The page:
Local dance studio continues to share happiness

By Linda Pang 

“Come on, Tyler,” Julie Berger calls, walking through the grass to the parking lot. Tyler is sniffing the ground, but moves closer to Berger when she calls. He follows her up the dark wooden stairs of a brick building with a green awning.

“He’s my son,” she says, laughing, and tugs on the leash attached to the small white and grey Shichon. Berger adds that he is three years old and a mix of Bichon Frisé and Shih Tzu. “He’s the studio mascot,” she explains, smiling. “Students ask for him by name!”


In a cozy waiting area, a few women are chatting with each other on wooden benches and a large, red suede couch. The large window that looks into the main dance studio shows a darkened classroom, dimly lit by rope lights, and sounds of a slow pop song wafts through the closed door. Shadowy figures can be seen inside doing cool-down stretches in their fitness class.

Paintings and posters of dancers line the walls. Nearby, a red, fabric-covered table displays tan and black ladies’ latin and ballroom dance shoes with gemstone-covered-heels that sparkle when they catch the light.

Off leash, Tyler roams the waiting area as the previous class finishes. Berger exchanges her sandals for tap shoes, grabs her pink covered laptop, and heads into the studio room, where the adult tap students are waiting.

“Welcome, it’s week one,” Berger says, motioning her students towards the center. The sounds of clicks, clacks, and taps fill the room as they make their way into a circle.

“I’m so excited for this new choreography!” Berger declares. “But first, let’s go around the room and say your name and one fun tap fact to fill the room with good vibes!”

The class of eight women and one man take turns sharing their names and facts, with laughter, cheers, and applause from their classmates. Berger instructs the class to form two lines and face the front floor-to-ceiling mirrors, which are bordered by rope lighting giving off a warm glow beneath the fluorescent overhead lights. She returns to the front of the room to begin warm-up.

“Eight shuffles front, three, four… seven, eight, side…back, now four,” Berger calls out, as she flicks her leg and taps her shoe. “Both feet now to the side… toe, heel, toe, step and clap.”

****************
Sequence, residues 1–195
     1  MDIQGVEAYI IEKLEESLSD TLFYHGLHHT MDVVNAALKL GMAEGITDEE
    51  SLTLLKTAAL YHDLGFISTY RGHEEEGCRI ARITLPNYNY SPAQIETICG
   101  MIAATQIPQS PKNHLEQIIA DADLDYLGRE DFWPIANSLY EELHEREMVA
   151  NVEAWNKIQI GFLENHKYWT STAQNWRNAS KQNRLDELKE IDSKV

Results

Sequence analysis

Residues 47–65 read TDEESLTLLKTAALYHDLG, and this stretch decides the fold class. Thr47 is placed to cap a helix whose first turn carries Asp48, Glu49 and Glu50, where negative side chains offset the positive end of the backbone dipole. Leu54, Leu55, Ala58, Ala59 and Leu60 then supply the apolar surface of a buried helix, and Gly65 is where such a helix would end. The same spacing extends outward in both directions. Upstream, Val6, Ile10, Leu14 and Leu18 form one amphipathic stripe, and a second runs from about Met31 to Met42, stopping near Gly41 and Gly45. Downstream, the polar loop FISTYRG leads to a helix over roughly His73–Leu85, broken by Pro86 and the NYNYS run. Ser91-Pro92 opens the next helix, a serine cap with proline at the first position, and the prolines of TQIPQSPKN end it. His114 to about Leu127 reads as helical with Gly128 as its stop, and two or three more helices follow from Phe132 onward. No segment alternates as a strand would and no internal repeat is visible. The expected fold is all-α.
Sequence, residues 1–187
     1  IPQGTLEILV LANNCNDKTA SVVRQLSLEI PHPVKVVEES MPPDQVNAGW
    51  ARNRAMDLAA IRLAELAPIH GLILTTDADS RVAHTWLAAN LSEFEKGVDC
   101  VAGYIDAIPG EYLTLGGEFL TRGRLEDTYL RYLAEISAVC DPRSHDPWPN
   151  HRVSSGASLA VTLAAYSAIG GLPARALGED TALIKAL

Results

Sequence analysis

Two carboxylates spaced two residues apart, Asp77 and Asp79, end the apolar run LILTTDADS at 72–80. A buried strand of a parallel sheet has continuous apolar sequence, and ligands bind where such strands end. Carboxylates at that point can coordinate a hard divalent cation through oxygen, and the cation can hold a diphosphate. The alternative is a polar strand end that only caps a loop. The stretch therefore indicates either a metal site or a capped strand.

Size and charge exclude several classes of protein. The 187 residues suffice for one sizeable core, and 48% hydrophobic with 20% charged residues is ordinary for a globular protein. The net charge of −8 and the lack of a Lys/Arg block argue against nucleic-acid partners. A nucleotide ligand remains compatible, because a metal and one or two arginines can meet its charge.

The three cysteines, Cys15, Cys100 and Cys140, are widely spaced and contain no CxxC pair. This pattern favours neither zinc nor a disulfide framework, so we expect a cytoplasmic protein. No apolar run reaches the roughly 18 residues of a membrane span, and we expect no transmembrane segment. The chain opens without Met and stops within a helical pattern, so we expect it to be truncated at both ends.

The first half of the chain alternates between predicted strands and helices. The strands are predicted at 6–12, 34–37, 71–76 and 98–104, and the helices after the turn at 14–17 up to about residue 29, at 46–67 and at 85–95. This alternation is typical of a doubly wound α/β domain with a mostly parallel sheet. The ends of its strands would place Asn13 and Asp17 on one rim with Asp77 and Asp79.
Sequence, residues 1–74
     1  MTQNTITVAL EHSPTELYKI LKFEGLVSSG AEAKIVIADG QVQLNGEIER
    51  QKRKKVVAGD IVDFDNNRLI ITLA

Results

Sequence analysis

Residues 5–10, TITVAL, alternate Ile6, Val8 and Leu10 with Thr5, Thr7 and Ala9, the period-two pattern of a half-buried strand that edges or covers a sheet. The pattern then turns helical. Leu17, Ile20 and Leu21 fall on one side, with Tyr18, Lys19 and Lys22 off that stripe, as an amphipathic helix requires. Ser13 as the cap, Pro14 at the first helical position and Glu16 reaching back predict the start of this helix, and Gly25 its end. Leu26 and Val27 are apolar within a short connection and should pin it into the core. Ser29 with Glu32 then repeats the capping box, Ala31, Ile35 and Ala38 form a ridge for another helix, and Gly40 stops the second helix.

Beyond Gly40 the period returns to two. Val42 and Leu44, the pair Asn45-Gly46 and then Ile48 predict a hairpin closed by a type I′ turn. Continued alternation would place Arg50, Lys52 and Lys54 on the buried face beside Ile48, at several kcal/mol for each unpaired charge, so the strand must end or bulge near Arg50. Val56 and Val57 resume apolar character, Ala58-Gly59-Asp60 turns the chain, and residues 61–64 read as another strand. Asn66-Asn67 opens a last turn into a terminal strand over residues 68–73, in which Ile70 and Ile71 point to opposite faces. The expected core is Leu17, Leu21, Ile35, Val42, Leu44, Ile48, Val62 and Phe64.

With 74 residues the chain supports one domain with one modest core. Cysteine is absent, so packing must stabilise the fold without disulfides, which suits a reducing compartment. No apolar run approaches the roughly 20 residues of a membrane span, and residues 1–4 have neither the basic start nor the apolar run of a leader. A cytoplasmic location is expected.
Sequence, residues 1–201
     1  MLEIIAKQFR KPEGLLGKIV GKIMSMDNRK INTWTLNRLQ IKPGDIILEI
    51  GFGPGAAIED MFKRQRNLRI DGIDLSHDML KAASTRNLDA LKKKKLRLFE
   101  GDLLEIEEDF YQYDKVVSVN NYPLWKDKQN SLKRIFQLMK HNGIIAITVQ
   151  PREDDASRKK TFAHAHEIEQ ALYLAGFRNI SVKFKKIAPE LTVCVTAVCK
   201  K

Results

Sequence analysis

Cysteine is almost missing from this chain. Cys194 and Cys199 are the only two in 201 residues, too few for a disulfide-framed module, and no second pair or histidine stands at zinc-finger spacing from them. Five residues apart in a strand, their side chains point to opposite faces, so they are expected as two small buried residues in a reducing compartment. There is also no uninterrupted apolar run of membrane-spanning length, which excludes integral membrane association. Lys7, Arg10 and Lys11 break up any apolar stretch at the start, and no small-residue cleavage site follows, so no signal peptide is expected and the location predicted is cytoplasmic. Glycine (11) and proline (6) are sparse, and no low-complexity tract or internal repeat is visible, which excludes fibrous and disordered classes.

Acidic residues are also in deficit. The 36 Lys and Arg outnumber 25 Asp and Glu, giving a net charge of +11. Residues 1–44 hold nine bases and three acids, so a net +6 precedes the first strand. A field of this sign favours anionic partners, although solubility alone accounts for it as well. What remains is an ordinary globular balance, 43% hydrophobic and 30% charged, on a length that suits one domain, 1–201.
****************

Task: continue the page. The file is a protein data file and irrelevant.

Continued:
The faces in the mirror look serious as students concentrate to follow the pattern, watching her feet in the mirror. Click. Clack. Clickity. Clack. Clack. The sounds of 10 pairs of tap shoes moving in unison fill the room and echo off of the walls, mirrors, and smooth tan floors.

“It’s okay to smile and have fun,” Berger says, reminding her students with a laugh.

Berger, 34, is the founder and artistic director of Salsa in the Suburbs Dance Studio in Media, Pa., and her days are filled with both teaching and administrative responsibilities. This past May, the studio celebrated its 10-year anniversary and Berger couldn’t be happier.

The happiness shows as tap class begins wrapping up an hour later with a mini exercise. After each student gets a chance to show-off to applause from their classmates, Berger gathers the group into a circle again with their hands in the center.

“One, two, three…” she calls out.

“Best tap session ever!” shouts the entire group in reply, raising their hands into the air as a team.

After class, Berger quickly checks-in at the desk, while swapping tap shoes for strappy, satin dance shoes with gem-covered heels.

She is multi-tasking: answering questions from a student, chatting with Kim, changing shoes, and instructing her co-teacher for the next class to get the group started. Ryan Morfei, a high school student and the studio’s youngest Latin dance instructor, nods and heads to the studio, calling the intermediate bachata performance students to follow as he walks past.

“Dancers, get into two lines and look ready to warm up!” Berger says, calling out to the dancers as she closes the door. Berger and Morfei take their places in the front of the room, leading the co-ed group of dancers through bachata dance warm-ups.

Berger fell in love with dance at a young age, starting tap classes at age three. As she became more experienced, she started teaching hip-hop and tap lessons at age 14 to classes of eight-year-olds, before teaching tap lessons at a Latin dance studio later on. Berger said although she chose to study theater in college, she wanted to veer back to her first love of performing arts: dance.